- Tony Cingrani and Anthony DeSclafani are the current favorites to fill the two remaining spots in the Reds rotation, though manager Bryan Price tells reporters (including C. Trent Rosencrans of the Cincinnati Enquirer) that nothing has been decided. Jason Marquis, David Holmberg and Raicel Iglesias stand out as possible contenders to earn a rotation spot in Spring Training, with Iglesias something of an “X-factor” given how he went several months without pitching while arranging his departure from Cuba.
Recent discussions between free agent James Shields and the Tigers make sense for both sides, FOX Sports’ Jon Morosi writes. The Tigers have a good rotation for 2015 but could lose David Price and Alfredo Simon after the season, meaning Shields could be a good addition both for 2015 and beyond. Morosi adds that the Tigers have maintained contact with Scott Boras about Max Scherzer, although there are no indications that discussions have gotten very far. Here are more notes from the Central divisions.
- Likewise, it makes sense for the Cardinals to sign Scherzer, Morosi writes. Morosi reports that Scherzer and the Cardinals have made known to one another that both sides are interested, but notes that the length and dollar amount of the sort of contract Scherzer is seeking might be an issue for the Cardinals. One way for the two sides to come to terms, Morosi suggests, would be for the Cardinals to offer fewer years (perhaps five) at a high average annual value. (Morosi suggests $156MM, which would give Scherzer the highest AAV ever for a pitcher.) Cardinals GM John Mozeliak said today, however, that the team is not shopping for expensive pitchers (via Derrick Goold of the St. Louis Post Dispatch on Twitter).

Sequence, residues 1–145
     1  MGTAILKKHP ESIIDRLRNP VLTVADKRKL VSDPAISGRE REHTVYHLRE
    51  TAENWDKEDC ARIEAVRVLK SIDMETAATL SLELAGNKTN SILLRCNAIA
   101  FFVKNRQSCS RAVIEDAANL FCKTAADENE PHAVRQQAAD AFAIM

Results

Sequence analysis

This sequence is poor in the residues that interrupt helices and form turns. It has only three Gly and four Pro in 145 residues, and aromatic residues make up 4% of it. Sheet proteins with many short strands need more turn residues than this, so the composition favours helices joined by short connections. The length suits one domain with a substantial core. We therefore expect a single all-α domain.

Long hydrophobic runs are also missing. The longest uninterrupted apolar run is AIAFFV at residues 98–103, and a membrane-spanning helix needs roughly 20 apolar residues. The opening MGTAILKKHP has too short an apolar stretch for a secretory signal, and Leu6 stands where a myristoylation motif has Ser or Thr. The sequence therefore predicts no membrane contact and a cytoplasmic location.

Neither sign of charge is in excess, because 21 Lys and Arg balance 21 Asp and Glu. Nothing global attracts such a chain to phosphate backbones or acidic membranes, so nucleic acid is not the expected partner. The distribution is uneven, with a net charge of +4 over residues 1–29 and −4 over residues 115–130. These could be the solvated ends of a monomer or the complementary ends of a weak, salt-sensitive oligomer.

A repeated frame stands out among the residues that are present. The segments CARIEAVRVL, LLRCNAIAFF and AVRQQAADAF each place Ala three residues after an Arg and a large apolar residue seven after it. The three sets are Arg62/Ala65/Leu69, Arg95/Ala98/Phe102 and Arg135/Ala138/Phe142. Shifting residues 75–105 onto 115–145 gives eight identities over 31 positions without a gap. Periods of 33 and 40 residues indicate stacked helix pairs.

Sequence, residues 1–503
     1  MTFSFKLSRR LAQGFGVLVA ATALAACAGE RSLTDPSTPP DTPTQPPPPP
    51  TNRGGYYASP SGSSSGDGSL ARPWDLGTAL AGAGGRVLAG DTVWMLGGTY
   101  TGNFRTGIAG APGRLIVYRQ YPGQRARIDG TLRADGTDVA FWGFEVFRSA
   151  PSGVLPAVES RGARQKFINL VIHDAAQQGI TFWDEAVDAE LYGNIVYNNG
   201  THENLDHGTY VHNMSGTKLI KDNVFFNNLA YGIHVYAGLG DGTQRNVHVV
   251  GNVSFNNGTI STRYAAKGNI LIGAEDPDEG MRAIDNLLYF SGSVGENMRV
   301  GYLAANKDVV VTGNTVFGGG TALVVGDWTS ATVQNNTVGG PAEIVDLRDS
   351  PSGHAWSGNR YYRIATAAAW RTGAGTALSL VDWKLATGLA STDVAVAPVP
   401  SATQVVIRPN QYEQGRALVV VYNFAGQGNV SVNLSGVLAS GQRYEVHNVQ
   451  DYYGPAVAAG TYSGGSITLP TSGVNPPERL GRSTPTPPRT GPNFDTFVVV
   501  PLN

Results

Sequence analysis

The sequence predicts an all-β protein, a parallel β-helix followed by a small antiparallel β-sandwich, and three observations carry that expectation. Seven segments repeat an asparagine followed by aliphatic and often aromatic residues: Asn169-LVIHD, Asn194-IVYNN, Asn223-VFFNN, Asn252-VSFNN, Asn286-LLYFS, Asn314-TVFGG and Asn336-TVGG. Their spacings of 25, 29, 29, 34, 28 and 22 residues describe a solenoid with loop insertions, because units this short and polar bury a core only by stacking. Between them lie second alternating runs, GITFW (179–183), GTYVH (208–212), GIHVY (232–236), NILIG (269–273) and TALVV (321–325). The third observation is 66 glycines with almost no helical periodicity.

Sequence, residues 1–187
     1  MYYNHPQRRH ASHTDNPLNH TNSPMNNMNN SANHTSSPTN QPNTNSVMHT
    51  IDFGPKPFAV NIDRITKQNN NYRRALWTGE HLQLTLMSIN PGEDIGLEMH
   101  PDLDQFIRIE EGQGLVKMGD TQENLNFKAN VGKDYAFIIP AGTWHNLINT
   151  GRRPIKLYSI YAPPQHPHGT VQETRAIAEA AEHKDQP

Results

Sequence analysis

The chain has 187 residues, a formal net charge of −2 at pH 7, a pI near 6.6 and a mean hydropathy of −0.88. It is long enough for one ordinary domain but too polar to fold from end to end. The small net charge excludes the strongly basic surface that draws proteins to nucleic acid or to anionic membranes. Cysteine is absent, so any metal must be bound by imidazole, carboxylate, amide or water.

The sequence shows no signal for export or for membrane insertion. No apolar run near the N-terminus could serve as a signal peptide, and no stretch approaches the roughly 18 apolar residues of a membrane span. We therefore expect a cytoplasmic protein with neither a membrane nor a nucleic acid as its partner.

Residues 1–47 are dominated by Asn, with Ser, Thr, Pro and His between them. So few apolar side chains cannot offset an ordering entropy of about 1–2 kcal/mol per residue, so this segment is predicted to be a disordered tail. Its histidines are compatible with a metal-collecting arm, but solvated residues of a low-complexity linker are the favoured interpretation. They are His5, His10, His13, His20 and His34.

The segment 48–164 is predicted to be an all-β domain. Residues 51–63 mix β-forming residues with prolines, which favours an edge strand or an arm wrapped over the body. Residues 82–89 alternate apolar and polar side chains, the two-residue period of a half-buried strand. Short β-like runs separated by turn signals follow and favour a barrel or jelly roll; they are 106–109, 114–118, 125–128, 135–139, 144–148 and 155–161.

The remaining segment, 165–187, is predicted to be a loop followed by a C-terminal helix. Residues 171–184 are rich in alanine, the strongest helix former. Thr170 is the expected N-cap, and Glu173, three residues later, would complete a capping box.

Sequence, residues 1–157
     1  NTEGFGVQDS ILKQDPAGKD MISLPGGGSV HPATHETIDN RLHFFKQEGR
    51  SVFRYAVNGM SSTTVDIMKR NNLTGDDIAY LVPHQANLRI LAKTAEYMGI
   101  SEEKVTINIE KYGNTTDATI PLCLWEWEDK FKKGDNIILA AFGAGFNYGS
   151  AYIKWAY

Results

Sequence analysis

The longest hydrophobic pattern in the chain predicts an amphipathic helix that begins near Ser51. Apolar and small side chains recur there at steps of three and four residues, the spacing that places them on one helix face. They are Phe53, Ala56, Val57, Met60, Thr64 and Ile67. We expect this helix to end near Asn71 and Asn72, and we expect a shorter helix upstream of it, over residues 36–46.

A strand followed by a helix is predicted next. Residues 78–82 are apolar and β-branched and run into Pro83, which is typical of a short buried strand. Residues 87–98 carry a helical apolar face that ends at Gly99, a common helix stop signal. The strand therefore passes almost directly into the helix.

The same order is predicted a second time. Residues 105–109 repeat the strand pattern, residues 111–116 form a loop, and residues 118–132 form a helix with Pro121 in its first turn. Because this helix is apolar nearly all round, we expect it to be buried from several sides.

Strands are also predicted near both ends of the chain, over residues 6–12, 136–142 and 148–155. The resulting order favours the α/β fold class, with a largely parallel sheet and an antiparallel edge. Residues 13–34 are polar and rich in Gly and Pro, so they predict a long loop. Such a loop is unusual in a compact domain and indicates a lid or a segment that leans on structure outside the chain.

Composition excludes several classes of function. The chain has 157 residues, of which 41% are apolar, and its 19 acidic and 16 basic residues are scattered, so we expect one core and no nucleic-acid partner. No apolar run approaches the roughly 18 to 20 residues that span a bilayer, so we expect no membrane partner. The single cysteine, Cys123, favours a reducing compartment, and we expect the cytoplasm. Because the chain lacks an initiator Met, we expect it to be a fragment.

- The Pirates‘ signing of Jung-ho Kang has upside but comes with little risk, Travis Sawchik of the Pittsburgh Tribune-Review writes. The Pirates’ financial obligations are minimal (about $16MM over four years, including Kang’s posting fee), and if Kang proves effective, he could give the Pirates valuable infield insurance in case third baseman Josh Harrison or shortstop Jordy Mercer don’t continue to work out. (Harrison would appear to be set as a starter for the next couple years after a borderline-MVP-caliber season in 2014, but anything can happen.) Also, Kang is signed through at least 2018, while second baseman Neil Walker has only two years remaining before he’s eligible for free agency. As Sawchik points out in a separate article, Kang could also make plenty of money for the Pirates by attracting advertising from Korean companies.
- Cubs GM Jed Hoyer said at Cubs Convention today that other teams have inquired about catcher Welington Castillo, but that the Cubs haven’t yet received any compelling offers, Mark Gonzalez of the Chicago Tribune tweets. With the additions of Miguel Montero and David Ross this offseason, there’s no obvious role for Castillo in Chicago, even though he has a solid track record as an offensive catcher. Via Bruce Miles of the Daily Herald (on Twitter), Hoyer added that Ross was too good not to acquire, despite Castillo’s talent. The 37-year-old Ross has hit sparingly in the past two seasons but has a solid record as a pitch framer.